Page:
Synthesizer Key Repair

Introduction: Synthesizer Key Repair

About: Loves Electronics, Bicycle Traveling, Teaching, also loves Nature & People. Creates more scrap from the scrap.

I have Yamaha PSR E 403 Synthesizer ( Image-1) using for the last 4 years. I found some keys are not working. So decided to repair at home.

1) First I marked the keys which are not responding by marker pen.
2) I opened up the keyboard from back side.
3) I observed the working of the mechanism by playing the keys in open condition, When you hit the key it presses the rubber key  
    pad.  ( the other end of the rubber key pad has has projection on which carbon film is deposited for electrical contact) (Image-6)
4) When we press key it makes Rubberized carbon film contact with the PCB tracks and shorts electrically. (Image-4)

5) I found in most of the keys, carbon layer was vanished (Image-9)and in some cases PCB tracks are not clean hence not
    making electrical contact.(Image-5)
6) Those PCB tracks are cleaned by brush and Isopropyl alcohol.
7) I got the old synthesizer, I removed its rubberized contact strip.(Image-7) made small round pieces (Dia 3 mm). (Image-8)
8) Then these pieces are fixed over damaged Rubber contact by instant Adhesive. (Image-9)

   After reassembly found all the keys are working fine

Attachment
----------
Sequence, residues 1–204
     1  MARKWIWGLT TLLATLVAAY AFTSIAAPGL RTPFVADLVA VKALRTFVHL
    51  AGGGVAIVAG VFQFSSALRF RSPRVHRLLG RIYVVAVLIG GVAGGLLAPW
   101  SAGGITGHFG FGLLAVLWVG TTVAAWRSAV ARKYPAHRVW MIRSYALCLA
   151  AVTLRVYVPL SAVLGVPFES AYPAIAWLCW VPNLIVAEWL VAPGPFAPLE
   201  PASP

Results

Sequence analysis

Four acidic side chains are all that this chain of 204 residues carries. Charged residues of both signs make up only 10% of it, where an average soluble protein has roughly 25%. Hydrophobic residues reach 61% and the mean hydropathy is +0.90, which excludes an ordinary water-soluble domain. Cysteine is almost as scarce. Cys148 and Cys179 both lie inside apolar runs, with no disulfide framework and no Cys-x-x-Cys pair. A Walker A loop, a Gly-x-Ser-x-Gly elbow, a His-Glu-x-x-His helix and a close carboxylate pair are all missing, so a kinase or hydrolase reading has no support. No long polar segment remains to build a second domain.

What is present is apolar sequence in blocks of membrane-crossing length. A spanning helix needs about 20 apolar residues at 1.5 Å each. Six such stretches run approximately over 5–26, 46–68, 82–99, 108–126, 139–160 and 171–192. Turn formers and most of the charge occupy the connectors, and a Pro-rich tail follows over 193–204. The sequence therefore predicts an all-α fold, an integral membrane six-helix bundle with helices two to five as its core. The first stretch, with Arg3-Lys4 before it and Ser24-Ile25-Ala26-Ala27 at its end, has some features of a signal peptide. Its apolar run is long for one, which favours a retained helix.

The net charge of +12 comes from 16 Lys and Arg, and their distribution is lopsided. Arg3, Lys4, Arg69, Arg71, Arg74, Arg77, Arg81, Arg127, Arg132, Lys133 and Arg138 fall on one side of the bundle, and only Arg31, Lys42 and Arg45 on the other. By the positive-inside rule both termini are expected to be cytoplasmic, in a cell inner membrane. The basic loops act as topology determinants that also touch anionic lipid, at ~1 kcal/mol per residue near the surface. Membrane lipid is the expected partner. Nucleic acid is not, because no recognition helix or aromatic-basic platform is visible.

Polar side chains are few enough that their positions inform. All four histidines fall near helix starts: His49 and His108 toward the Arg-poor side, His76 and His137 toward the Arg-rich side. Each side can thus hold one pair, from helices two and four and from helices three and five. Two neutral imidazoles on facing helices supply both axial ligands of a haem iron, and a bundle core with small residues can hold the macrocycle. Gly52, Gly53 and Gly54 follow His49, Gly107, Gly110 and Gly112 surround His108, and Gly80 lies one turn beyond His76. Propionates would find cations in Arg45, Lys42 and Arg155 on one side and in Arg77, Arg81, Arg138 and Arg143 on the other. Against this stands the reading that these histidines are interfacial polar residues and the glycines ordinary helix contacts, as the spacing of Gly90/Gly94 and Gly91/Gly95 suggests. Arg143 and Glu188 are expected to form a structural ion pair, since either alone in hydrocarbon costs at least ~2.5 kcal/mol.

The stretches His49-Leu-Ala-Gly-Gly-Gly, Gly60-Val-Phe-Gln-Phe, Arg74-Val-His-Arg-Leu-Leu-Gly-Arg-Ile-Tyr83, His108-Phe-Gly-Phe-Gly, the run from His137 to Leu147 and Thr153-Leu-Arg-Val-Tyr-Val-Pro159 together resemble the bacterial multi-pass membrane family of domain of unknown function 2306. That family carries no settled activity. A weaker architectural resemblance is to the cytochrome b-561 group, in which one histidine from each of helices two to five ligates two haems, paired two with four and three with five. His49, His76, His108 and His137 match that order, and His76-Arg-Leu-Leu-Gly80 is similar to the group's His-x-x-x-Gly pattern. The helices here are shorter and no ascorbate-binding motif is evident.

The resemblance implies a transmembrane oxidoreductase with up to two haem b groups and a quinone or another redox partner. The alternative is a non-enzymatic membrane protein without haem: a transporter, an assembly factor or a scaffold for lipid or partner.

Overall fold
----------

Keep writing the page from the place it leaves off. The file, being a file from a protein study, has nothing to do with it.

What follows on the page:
Its a great pleasure but requires patience, It took 3 hours to fix 6 non working keys.

Be the First to Share


    • Potato Speed Challenge

      Potato Speed Challenge
    • Bikes Challenge

      Bikes Challenge
    • Remix Contest

      Remix Contest

    3 Discussions


    4 years ago

    I have the same keyboard with the same problem...particularly the G keys...will rubbing the contacts with a lead pencil help?....I do not have any carbon to replace the contacts with...does anyone have any other diy ideas to solve this problem?


    7 years ago on Introduction

    WD40 is not a cleaning spray. It has almost no place inside electronic equipment, especially switches, pots, faders and contacts. It is designed to leave behind a film of oily greasy stuff to keep water away. 1) There's no water in your keyboard (I hope!) 2) This will attract dust and dirt in the future.

    To clean those pads/tracks you need either water and detergent, and make sure it's dry after. Or IPA (Isopropyl Alcohol, Isopropanol) which will also help shift the dirt/grease.

    This is the same sort of problem that afflicts remote controls, oily goo builds up on the circuit board and stops the buttons responding. Clean and dry is what you need, not greasy.


    Reply 7 years ago on Introduction

    for your suggestion, I opened up again the unit and cleaned with Isopropyl alchohol